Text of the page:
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Author Background

Dr. Becky Lutte is an assistant professor at the University of Nebraska at Omaha Aviation Institute.

Kent Lovelace is a professor and director of Aviation Industry Relations at the University of North Dakota John D. Odegard School of Aerospace Sciences.

Abstract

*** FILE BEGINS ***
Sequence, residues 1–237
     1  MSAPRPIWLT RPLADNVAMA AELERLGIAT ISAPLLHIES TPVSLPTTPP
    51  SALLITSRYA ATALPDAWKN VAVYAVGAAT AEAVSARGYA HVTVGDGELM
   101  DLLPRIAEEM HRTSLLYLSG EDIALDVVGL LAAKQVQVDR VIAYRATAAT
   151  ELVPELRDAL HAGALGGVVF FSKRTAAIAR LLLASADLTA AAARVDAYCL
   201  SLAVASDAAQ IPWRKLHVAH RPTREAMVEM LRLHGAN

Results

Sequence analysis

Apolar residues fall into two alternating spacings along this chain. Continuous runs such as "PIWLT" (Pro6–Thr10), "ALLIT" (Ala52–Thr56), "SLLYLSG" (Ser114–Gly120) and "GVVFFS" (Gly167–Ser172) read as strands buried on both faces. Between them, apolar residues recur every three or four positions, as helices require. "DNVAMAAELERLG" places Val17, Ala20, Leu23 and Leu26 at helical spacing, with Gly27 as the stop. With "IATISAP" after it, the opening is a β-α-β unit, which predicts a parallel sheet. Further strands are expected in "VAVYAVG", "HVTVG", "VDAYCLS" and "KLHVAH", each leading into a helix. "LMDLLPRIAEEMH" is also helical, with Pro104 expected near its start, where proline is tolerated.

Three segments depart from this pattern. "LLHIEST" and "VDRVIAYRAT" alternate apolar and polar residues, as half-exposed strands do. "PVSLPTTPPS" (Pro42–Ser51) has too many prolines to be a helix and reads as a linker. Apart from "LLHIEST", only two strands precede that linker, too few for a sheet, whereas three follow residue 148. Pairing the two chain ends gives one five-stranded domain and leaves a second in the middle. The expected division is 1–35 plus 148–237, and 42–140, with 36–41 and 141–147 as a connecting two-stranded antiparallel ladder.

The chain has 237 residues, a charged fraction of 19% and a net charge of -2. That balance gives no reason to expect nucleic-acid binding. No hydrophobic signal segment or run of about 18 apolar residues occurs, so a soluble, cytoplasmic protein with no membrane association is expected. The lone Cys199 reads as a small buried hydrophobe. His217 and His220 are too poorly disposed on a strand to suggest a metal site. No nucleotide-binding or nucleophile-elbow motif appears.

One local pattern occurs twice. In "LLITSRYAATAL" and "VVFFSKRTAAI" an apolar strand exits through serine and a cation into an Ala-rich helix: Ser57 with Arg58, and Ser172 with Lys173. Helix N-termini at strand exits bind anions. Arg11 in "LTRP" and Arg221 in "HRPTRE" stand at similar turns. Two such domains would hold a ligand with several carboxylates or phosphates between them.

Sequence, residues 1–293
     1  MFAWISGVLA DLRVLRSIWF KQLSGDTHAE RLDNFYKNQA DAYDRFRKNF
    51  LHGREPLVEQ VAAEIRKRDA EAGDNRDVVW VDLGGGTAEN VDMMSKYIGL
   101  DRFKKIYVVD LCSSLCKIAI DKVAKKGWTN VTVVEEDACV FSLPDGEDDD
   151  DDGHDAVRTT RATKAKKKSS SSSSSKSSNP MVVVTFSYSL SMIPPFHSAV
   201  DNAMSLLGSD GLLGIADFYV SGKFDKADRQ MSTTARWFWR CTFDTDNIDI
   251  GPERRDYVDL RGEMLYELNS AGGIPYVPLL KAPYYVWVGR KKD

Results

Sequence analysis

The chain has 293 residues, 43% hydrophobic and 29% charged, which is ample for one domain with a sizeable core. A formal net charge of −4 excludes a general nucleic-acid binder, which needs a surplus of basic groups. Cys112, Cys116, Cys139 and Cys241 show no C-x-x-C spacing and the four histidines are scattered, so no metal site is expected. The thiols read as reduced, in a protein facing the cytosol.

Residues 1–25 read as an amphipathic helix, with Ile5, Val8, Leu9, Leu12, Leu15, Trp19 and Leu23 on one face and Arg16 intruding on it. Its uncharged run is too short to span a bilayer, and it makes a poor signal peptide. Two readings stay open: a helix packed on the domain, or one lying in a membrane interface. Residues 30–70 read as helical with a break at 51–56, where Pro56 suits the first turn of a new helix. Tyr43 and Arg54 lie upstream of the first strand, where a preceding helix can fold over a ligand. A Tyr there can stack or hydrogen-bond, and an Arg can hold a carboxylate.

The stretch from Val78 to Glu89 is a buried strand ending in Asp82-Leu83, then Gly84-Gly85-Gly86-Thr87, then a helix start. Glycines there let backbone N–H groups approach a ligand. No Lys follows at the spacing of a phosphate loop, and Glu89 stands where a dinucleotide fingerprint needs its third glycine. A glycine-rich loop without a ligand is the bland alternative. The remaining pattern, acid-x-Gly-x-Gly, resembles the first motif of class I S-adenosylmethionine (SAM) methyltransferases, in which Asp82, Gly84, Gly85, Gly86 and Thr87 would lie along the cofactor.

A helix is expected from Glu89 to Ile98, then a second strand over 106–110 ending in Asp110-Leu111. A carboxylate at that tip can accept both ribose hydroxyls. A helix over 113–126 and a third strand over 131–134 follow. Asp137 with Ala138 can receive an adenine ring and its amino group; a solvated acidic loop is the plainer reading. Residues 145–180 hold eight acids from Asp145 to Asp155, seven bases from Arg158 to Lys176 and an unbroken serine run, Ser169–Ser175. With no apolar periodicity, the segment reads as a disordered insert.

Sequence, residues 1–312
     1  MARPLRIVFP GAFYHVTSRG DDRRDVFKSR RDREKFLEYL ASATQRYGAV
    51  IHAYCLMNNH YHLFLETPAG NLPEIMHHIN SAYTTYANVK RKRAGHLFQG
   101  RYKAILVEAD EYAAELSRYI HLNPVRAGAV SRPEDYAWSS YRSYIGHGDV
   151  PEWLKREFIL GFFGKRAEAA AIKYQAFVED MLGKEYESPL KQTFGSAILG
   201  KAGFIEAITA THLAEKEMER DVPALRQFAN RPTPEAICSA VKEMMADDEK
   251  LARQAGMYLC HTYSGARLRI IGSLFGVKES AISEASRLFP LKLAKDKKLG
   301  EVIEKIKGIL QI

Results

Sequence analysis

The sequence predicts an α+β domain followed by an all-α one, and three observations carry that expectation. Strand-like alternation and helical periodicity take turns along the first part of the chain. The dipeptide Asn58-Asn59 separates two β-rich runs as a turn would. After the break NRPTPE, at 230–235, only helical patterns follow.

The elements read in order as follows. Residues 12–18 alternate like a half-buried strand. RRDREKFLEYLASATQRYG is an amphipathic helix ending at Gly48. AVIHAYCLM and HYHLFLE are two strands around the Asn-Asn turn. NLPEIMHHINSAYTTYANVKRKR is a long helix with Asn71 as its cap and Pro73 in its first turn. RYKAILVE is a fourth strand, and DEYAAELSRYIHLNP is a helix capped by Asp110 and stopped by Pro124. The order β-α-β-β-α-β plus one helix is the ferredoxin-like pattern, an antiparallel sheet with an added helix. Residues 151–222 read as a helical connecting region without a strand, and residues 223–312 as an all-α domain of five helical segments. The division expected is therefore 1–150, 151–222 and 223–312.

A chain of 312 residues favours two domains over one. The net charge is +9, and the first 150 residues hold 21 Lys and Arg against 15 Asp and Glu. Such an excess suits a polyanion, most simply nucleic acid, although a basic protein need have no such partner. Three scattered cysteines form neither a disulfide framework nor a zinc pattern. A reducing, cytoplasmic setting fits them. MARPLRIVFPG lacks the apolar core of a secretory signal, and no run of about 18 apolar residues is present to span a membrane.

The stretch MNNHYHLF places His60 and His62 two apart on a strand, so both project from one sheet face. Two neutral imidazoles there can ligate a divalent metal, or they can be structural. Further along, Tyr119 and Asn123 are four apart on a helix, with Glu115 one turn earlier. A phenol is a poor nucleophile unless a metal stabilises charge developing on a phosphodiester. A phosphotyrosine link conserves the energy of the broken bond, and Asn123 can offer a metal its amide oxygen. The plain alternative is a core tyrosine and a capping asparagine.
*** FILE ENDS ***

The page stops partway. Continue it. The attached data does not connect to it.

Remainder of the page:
In the era following the First Officer Qualification (FOQ) rule change, regional airlines are struggling to meet hiring needs. Prior to the rule change, pilots were willing to fly for regional airlines at low pay as a stepping-stone to a career at major airlines. Since the rule change, higher minimum qualifications requiring a greater investment for aspiring pilots appear to have impacted the appeal of this career path. This study explores that claim with the purpose of understanding the impact of the FOQ rule change on the career aspirations of collegiate aviation flight students and examining student perceptions of the regional airline career path. To address these issues, a survey of collegiate aviation flight students was conducted. The results showed that the FOQ rule change has negatively impacted the airline pilot career plans of a portion of collegiate aviation students. The primary concerns voiced were the increased time and investment needed to meet the new requirements and the negative perceptions of the regional airline career path. Regarding perceptions of the regional airline path, pay was consistently the top concern of aspiring pilots, followed by quality of life factors and the desire for a clear path to the major airlines. In addition, large numbers of aspiring pilots indicated that they are willing to fly overseas for better career opportunities. These results provide new insight into multiple factors influencing the collegiate pilot pipeline.